|Date: ||Wed, 20 Jun 2007 12:52:36 -0700|
|Reply-To: ||Andrew Hill <hill.andrewd@GMAIL.COM>|
|Sender: ||"SAS(r) Discussion" <SAS-L@LISTSERV.UGA.EDU>|
|From: ||Andrew Hill <hill.andrewd@GMAIL.COM>|
|Subject: ||Re: AIC in proc nlin|
|Content-Type: ||text/plain; charset=ISO-8859-1; format=flowed|
I'll hunt around and see what I can find.
Nice weather after the rain the past few days, yes?
You are right, I am trying to minimize SSE. The response variable is
pretty wonky, so I was using bootstrapping to get an estimate of model
fit and the parameter estimates.
I might be able to use a gamma, but a 3 parameter weibull might also
work, if nlmixed supports it. I'll have to see.
Thanks for your help.
On 6/20/07, Dale McLerran <firstname.lastname@example.org> wrote:
> --- Andrew Hill <hill.andrewd@GMAIL.COM> wrote:
> > Thanks Matthew.
> > I'll have to look at these more closely. I am hoping that I can find
> > one that I can just move the model statement to and just use. It
> > would
> > make my live simpler.
> > Does proc nlin mixed require one to use a mixed model?
> > The one I'm currently using is an exponential model.
> > change = exp(b0 + b1x1 + b2x2 + b3x3 + b4x4 + b5x5).
> > I don't want to use proc reg because the data are definitely
> > non-normal so the assumption that go into that are wrong for this
> > data.
> > Thanks,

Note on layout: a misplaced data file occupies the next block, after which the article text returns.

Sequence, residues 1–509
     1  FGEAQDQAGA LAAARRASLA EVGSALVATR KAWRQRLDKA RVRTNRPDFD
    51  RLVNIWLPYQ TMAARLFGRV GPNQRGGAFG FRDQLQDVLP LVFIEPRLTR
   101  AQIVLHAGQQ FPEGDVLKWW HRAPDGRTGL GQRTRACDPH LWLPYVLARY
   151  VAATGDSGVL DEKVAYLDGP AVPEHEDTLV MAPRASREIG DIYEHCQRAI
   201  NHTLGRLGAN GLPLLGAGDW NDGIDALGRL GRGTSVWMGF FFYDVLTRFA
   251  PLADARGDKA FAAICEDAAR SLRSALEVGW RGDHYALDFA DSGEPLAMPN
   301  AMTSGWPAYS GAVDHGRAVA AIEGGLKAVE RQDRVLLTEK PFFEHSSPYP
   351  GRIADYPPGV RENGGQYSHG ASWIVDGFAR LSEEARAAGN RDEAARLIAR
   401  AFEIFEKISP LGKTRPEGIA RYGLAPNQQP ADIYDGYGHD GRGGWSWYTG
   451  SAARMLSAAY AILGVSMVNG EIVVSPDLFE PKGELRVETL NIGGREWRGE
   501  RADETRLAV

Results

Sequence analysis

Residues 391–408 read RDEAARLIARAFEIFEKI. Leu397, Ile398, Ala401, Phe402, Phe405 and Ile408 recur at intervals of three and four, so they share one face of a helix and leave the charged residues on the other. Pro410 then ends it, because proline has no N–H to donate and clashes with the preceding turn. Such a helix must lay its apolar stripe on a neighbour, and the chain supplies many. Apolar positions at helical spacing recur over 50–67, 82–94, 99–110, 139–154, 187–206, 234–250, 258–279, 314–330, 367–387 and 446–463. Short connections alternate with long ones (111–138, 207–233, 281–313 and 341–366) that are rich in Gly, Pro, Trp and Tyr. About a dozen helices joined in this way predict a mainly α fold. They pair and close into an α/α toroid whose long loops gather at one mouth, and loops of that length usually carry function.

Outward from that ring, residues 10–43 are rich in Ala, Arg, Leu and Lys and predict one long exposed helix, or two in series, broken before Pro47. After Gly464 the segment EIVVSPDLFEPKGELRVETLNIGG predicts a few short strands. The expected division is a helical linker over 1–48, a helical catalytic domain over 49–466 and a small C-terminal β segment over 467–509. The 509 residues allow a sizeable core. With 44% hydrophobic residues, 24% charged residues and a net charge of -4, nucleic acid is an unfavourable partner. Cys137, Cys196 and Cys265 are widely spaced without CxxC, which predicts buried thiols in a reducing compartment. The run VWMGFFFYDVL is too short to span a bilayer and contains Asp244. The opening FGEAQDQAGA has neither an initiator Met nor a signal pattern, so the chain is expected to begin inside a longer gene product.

> > Andrew
> From what you have written here, I would recommend the NLMIXED
> procedure all the more. The equation that you specified for AIC
> in your previous post assumes that the residuals are normally
> distributed. But you indicate above that the response is not
> normally distributed. Therefore, you should not be using the
> form you specified for computing AIC.
> In response to your specific question as to whether the NLMIXED
> procedure requires that you fit a mixed model, the answer is a
> resounding NO!!! Just search the SAS-L archives for some examples
> (most contributed by yours truly) where NLMIXED is employed to model
> all manner of likelihood functions. What the NLMIXED procedure
> does require is that one specify a distribution. Based on the
> specified distribution, NLMIXED computes maximum likelihood (or
> approximate ML) estimates of the parameters of the model.
> I can't tell from way over here, but it sounds as though you
> minimized an error sum of squares function in NLIN. Specifying
> a distributional model can be more difficult. There may not be
> a distribution which is exactly appropriate for your data. But
> you can probably specify a distribution which models your
> response reasonably well.
> Dale McLerran
> Fred Hutchinson Cancer Research Center
> mailto: dmclerra@NO_SPAMfhcrc.org
> Ph: (206) 667-2926
> Fax: (206) 667-5977
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